Peter was also intrigued by the distribution of redox components within membranes, particularly coenzyme Q10 (CoQ). With graduate students, he investigated how tocopherols partition and are arranged in membranes. They reported that biological homologues of CoQ occupied a position in a central plane of the bilayer with occasional excursions to the lipid–water interface and demonstrated that the fat-soluble vitamin E1 comprised a family of hydrocarbon compounds (referred to as tocopherols and tocotrienols) partitioned preferentially into phosphatidylcholines. This suggested its primary function was to act as a membrane antioxidant.
A grant proposal detailing this hypothesis was firmly rejected as preposterous. After this rebuff, a CoQ-VitE (Q-E cycle) driven by differences in redox potentials of the Q-E couple in water and the hydrophobic bilayer interior was demonstrated, just as Peter had predicted!
The last few years, including those when Peter’s energy was curtailed, were devoted to the study of membrane raft structures – molecular model calculations and X-ray observations confirmed the heterogeneity of sphingomyelin and cholesterol mixtures. The study of myelin sheaths and white matter will perhaps, one day, confirm the importance of this molecular scale work.
He was awarded a DSc Biochemistry from the University of London in 1980. Chelsea College subsequently amalgamated with King’s College, where Peter remained for the rest of his working life.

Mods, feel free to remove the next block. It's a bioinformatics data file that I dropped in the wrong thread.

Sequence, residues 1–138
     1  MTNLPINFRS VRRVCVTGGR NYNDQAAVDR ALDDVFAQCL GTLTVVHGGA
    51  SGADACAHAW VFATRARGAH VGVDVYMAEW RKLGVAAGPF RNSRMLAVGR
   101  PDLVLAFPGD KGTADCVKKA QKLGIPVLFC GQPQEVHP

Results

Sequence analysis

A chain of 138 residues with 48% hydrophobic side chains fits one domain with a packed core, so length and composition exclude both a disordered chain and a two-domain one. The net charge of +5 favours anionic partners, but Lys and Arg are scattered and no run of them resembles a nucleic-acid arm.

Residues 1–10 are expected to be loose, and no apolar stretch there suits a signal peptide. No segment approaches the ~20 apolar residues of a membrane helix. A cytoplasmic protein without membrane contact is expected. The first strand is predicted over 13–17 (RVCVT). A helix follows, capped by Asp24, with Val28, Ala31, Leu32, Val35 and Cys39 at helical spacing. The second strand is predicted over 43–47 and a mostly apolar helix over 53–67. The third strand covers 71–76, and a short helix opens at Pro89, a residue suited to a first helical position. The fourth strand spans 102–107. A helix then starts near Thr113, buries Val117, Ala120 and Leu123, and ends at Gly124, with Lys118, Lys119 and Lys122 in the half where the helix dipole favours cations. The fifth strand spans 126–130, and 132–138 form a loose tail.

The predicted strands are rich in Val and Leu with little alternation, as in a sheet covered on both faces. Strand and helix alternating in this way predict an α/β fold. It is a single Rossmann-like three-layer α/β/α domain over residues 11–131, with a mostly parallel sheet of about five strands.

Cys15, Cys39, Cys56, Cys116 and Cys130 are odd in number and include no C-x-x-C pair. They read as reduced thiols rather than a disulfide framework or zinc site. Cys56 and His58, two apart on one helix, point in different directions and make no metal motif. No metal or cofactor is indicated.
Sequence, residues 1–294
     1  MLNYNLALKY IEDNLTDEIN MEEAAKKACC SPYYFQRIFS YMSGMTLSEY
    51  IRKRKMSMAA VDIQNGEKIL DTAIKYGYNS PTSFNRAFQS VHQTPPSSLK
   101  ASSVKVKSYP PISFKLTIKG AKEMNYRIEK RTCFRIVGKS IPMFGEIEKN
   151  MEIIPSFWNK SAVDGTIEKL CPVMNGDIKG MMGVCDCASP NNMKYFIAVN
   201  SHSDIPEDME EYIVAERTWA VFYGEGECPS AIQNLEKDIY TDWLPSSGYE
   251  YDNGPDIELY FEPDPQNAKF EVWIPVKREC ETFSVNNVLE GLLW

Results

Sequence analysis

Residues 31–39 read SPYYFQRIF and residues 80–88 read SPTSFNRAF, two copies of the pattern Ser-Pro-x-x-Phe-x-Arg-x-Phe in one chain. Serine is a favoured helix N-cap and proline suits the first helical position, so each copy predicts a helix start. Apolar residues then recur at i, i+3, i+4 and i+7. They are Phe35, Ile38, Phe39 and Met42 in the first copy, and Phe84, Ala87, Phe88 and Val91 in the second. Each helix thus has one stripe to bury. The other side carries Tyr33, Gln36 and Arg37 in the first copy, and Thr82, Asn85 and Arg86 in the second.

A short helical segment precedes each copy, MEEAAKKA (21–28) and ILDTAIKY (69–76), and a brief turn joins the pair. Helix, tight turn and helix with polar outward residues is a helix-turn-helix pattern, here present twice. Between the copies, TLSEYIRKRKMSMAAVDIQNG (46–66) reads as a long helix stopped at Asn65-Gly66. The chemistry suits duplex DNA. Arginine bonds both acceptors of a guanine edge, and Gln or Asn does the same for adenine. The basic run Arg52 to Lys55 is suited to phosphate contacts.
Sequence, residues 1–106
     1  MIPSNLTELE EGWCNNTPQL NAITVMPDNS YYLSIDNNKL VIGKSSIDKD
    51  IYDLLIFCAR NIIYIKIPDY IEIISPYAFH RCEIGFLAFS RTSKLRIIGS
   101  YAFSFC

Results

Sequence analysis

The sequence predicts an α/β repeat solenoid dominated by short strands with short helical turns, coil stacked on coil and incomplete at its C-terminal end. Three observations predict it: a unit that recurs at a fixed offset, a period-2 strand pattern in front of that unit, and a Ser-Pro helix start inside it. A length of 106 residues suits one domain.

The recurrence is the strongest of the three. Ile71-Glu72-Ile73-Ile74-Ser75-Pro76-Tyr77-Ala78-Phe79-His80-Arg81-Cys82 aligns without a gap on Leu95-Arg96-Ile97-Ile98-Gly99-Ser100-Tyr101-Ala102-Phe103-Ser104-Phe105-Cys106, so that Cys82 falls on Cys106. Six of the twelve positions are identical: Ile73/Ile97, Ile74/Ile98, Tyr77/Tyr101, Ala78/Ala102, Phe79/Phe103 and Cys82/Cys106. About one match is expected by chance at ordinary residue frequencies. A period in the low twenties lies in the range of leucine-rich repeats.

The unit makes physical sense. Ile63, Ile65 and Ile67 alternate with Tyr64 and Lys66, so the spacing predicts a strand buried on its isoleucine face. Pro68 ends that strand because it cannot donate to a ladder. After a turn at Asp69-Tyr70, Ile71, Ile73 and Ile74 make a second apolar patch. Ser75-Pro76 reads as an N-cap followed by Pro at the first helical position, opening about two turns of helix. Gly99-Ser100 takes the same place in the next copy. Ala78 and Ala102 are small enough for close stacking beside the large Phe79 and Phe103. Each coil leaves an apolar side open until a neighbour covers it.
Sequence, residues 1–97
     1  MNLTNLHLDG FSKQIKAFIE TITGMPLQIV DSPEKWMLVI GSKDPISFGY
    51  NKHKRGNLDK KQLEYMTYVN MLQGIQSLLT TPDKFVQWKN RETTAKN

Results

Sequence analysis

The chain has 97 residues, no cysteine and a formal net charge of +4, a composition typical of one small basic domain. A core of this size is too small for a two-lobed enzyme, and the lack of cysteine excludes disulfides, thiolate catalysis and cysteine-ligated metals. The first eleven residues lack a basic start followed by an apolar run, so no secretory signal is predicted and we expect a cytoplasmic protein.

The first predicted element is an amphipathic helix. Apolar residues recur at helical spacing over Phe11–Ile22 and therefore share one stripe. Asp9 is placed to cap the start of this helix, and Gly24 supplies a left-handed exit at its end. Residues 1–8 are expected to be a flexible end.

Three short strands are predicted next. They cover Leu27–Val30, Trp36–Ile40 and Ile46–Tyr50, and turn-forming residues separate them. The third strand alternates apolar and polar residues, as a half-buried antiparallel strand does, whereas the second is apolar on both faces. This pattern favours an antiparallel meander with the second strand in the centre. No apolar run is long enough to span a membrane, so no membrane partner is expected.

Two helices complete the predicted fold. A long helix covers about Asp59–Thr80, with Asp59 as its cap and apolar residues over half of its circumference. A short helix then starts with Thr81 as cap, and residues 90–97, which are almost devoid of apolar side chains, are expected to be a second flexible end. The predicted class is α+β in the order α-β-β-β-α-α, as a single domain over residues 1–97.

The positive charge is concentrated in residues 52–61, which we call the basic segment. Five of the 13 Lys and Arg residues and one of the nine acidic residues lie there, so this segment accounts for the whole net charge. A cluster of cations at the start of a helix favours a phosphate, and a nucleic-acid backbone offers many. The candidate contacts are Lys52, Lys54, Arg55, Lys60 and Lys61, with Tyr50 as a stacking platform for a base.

Publications include 10 books and more than 400 research papers on the subject of biological membranes and their constituents. Peter was an editorial board member of five international scientific journals and was invited to present and speak at over 100 scientific meetings. He was an active member of the Biochemical Society, including positions on sub-committees and Council in the 1980s and 1990s.
Peter was physically and psychologically tough. This was not only demonstrated by academic and research work, but in his life in general. He enjoyed vigorous activity, such as hiking in deserted places, like central Tasmania and Massif Central in France, where he enjoyed sharing the rich food and wines. Also sailing the rough outer Hebridean seas with his seafaring friends. We also admired his courage in maintaining a very active work schedule and online collaborations despite a long and punishing terminal illness. Peter was an enthusiastic backwoodsman, but unfortunately paid a high price for this as his Australian holiday home, with all its possessions, was destroyed in a vast bushfire in rural Victoria. But he and his wife, Christine, indefatigably upped sticks and, without fuss, transplanted to Melbourne, balancing visits there, with their life in the relative safety of central London. This courage was wonderfully sustained by his loving wife, Christine, and large family in England and Australia.
During the time that we shared our office space, I grew to admire and like him immensely. We had many useful (and sometimes heated) discussions about our research interests. On the very rare occasions that we had something to celebrate, we shared a dram or two of fine single malt!